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Publication numberUS3746239 A
Publication typeGrant
Publication dateJul 17, 1973
Filing dateNov 12, 1970
Priority dateNov 12, 1970
Publication numberUS 3746239 A, US 3746239A, US-A-3746239, US3746239 A, US3746239A
InventorsAuray D
Original AssigneeAuray D
Export CitationBiBTeX, EndNote, RefMan
External Links: USPTO, USPTO Assignment, Espacenet
Desoldering device
US 3746239 A
Abstract
A device for desoldering one or more soldered connections wherein a heat conductive head member is provided with several projections for simultaneously contacting and melting each soldered connection. The soldered connections are isolated from each other during the melting operation to prevent any flow of melted solder, and means are carried by the heat conductive member for discharging the melted solder from the connections. A method of desoldering one or more soldered connections.
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Description  (OCR text may contain errors)

United States Patent [1 1 Auray [451 July 17,1973

[ 1 DESOLDERING DEVICE [76] Inventor: Didier Henri Clement Auray, 4 rue Des Tartres, Rueil 92, France [22] Filed: Nov. 12, 1970 [2]] Appl. No.: 88,873

[52] US. Cl 228/19, 29/426, 219/230,

' 228/51 [51] Int. Cl 823k 1/00 [58] Field of Search 228/19, 20, 21, 52, 228/51; 219/85, 230, 229; 15/344; 29/426 [56] References Cited UNITED STATES PATENTS 2,602,180 7/1952 Miller 228/20 3,045,095 7/1962 Usher et a1. 3,084,649 4/1963 Parstarfer 3,130,286 4/1964 Lenzi 3,239,124 3/1966 Hathcock 228/20 5/1969 Parente ..228/20 3/1972 Halstead ..2l9l228 Primary Examiner-J. Spencer Overholser Assistant ExaminerRobert J. Craig AttorneyLane, Aitken, Dunner & Ziems [57] ABSTRACT A device for desoldering one or more soldered connections wherein a heat conductive head member is provided with several projections for simultaneously contacting and melting each soldered connection. The soldered connections are isolated from each other during the melting operation to prevent any flow of melted solder, and means are carried by the heat conductive member for discharging the melted solder from the connections. A method of desoldering one or more soldered connections.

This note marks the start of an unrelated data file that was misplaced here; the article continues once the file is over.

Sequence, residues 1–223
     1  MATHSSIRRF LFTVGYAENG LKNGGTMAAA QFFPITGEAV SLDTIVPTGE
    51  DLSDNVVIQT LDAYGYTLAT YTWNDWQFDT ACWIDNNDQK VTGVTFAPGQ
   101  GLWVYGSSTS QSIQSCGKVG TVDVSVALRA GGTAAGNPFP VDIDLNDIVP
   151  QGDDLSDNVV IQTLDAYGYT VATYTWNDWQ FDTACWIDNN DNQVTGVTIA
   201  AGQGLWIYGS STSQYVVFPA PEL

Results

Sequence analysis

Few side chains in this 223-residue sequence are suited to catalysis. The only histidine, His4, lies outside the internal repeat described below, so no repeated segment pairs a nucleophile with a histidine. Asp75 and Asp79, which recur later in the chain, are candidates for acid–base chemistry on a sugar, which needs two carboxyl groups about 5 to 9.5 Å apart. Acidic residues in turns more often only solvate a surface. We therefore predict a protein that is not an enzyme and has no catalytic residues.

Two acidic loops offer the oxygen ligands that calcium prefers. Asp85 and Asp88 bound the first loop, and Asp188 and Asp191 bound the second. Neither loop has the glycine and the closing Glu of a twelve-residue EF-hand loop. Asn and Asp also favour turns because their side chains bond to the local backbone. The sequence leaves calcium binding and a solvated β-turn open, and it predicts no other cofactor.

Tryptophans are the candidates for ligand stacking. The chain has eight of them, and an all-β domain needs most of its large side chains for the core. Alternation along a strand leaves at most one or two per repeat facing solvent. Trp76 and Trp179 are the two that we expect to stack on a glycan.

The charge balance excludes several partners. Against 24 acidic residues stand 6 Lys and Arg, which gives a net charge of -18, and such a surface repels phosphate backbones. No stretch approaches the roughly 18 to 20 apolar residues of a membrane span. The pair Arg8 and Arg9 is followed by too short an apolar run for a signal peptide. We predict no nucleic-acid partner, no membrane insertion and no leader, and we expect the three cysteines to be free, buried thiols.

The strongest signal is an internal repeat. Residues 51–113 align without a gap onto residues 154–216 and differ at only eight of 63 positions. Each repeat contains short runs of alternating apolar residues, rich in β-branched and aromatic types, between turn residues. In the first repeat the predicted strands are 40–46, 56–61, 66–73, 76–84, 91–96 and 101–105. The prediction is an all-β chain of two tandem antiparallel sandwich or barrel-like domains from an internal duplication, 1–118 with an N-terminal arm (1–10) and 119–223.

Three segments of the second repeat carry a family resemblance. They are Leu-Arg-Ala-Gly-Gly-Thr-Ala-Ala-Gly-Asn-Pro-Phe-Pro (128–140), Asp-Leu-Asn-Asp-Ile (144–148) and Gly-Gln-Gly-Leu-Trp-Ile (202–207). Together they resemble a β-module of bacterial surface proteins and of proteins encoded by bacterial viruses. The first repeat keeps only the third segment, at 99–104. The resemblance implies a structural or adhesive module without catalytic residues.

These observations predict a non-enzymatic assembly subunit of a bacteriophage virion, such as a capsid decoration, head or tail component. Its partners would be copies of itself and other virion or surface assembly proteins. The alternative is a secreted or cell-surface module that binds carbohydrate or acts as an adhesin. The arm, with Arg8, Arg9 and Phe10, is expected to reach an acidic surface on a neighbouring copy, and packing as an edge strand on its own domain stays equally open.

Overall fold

4 Claims, 6 Drawing Figures Patented July 17, 1973 3,746,239

qm lr in INVENTOR DIDIER AURAY ORNEYS DESOLDERING DEVICE BACKGROUND OF THE INVENTION This invention relates to a desoldering device and method and, more particularly, to a device and method for desoldering the leads of electronic components from a printed circuit board, or the like.

The use of printed circuit boards of synthetic materials, or the like, which are adapted to receive various electronic and/or integrated circuit components is becoming more and more widespread. In these arrangements the components are placed on one face of the board and the conductive leads of the components are inserted through holes extending through the board. The leads are then soldered to the opposite face of the board usually by the conventional wave soldering technique, with the board shielding the components from the heat required to maintain the solder in a liquid state.

After a component has been mounted in the above manner, it is difficult to remove it from the board for replacement or testing purposes. The difficulties are compounded due to the fact that the component and the printed circuit portion of the board are usually sensitive to heat, and often must be retained in their original state for further use or to determine the cause of any defect.